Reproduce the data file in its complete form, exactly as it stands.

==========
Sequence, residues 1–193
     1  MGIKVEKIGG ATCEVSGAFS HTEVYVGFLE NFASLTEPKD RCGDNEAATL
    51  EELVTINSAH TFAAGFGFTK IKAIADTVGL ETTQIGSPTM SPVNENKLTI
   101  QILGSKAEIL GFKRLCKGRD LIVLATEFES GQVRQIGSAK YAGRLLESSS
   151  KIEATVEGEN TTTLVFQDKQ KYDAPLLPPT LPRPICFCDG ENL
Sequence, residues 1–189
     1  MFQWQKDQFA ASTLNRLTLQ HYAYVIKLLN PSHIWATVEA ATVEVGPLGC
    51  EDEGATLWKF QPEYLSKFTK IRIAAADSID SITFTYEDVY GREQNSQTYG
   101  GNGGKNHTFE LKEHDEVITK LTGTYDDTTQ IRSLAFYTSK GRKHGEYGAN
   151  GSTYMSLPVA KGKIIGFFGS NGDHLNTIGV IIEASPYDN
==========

Sequence, residues 1–193
     1  MGIKVEKIGG ATCEVSGAFS HTEVYVGFLE NFASLTEPKD RCGDNEAATL
    51  EELVTINSAH TFAAGFGFTK IKAIADTVGL ETTQIGSPTM SPVNENKLTI
   101  QILGSKAEIL GFKRLCKGRD LIVLATEFES GQVRQIGSAK YAGRLLESSS
   151  KIEATVEGEN TTTLVFQDKQ KYDAPLLPPT LPRPICFCDG ENL
Sequence, residues 1–189
     1  MFQWQKDQFA ASTLNRLTLQ HYAYVIKLLN PSHIWATVEA ATVEVGPLGC
    51  EDEGATLWKF QPEYLSKFTK IRIAAADSID SITFTYEDVY GREQNSQTYG
   101  GNGGKNHTFE LKEHDEVITK LTGTYDDTTQ IRSLAFYTSK GRKHGEYGAN
   151  GSTYMSLPVA KGKIIGFFGS NGDHLNTIGV IIEASPYDN